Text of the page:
Seen in screen version, 2021 Edinburgh Festival Fringe
3 stars – an all-round monologue (waiting for the fourth star)
What if the president of the United States was a stripper?
This is how Mae is: provocative, straightforward, and energetic. Her monologue is a collage of stories and gags from her childhood and adolescence. A non-stopping freight-train that introduces the character from under many a light. At eighteen, she’s old enough to earn her own college money and to have the intimate satisfaction that she’s doing it in a cleverer way than most people do. At least, until the situation is under her control.
Who is the child who used the word ‘ambiguous’ every second sentence, without knowing its meaning? Who is the girl who can’t win a woman’s heart in spite of her charisma, but doesn’t really care about ‘using herself for personal gain?’
Between stand-up comedy and a coming-of-age story, this beautifully written play gives life to a multi-facetted Mae, her thread of thoughts being transparent and logical. Reasoning with her, it makes sense to optimize time and money to pay for college. And to this effect, it makes sense to send a couple of text messages to and older man, if you body is not actually involved. Or to go shopping with him – except that it’s a sexy shop.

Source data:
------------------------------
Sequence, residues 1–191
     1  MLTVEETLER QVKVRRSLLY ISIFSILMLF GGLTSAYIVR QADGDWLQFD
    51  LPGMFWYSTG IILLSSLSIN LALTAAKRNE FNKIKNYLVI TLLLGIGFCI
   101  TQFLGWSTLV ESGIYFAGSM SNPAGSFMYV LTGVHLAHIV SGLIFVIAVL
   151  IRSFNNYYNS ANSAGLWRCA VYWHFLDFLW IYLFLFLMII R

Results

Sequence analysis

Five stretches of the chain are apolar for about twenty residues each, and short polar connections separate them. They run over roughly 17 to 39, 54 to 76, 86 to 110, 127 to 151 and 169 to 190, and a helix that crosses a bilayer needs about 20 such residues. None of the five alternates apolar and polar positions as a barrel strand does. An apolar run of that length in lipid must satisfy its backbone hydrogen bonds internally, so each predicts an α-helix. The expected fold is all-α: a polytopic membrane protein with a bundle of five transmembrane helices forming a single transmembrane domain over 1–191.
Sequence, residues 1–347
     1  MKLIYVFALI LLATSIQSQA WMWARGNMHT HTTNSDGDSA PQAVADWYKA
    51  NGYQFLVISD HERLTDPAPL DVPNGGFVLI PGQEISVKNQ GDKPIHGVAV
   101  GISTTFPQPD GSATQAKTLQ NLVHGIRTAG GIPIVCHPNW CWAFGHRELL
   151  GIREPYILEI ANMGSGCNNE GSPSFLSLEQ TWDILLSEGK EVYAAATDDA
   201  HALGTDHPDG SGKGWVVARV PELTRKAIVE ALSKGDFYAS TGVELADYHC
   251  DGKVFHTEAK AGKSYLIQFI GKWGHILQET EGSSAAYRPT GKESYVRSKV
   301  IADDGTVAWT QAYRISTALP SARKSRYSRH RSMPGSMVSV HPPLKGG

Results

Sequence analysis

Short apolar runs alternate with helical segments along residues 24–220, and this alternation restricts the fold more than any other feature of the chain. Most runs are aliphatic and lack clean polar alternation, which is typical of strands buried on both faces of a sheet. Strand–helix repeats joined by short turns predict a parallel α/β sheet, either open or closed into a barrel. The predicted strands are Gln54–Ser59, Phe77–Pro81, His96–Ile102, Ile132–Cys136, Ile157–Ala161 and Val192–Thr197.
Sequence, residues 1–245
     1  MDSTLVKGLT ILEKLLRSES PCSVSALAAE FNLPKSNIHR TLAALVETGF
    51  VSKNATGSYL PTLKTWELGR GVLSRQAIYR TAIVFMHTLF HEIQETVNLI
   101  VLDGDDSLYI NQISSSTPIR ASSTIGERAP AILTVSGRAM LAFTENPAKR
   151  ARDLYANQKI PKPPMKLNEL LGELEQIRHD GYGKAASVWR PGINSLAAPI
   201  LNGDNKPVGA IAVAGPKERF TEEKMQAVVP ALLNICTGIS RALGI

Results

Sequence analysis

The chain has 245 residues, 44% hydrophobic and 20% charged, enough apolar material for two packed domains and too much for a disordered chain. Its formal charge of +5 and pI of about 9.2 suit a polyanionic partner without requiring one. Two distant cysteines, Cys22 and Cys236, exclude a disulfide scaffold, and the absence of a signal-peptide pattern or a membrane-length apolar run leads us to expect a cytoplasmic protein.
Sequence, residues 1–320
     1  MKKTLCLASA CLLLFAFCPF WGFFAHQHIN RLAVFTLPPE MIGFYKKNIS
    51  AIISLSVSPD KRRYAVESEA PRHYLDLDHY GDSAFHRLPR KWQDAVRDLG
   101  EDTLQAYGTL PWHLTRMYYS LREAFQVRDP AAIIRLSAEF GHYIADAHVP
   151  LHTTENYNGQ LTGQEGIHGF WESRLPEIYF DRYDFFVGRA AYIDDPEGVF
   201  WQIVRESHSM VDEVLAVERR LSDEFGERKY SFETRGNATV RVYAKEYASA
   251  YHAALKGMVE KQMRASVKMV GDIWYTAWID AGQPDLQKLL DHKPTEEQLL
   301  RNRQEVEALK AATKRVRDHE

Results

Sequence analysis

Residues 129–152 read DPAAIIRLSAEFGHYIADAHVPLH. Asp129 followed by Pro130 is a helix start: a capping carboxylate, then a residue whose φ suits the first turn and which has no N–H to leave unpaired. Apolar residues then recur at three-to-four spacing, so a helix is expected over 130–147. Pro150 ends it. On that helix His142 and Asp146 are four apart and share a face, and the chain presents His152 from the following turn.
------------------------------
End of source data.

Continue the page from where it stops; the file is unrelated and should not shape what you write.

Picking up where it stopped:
Even when the ‘except’, and ‘even though’ come into play, they don’t ring loud enough to stop her in time. The road to a sugar baby is way too slippery. And despite it all making sense, the price for getting hurt and having her pride wounded unbalances the calculation.
Mae is the character brought on the digital stage of this mixed 2021 Fringe edition by Mabel Thomas. Aged 22, she has written the monologue she performs solo in a very bright bedroom setting. Her strong text uses several strategies to drag the spectator all along the story. It might be more tightly sewn together and more centred, but it is a very rich piece of theatrical writing.
Mabel Thomas’s ironic smile and her great storytelling are involving, and emotions raise naturally in her acting. Despite being filmed, the play has clearly been thought for the stage and hasn’t been adapted to the screen. A completely understandable move, which on the other hand doesn’t allow the performer’s intense acting to be given the value it deserves. This decision, along with some imperfections in the montage, speaks of Mabel Thomas’s will to be back on stage, without surrendering to remote art. I can’t wait to see her live and give her the very likely well-deserved fourth star.
Dates: 6-30 August 2021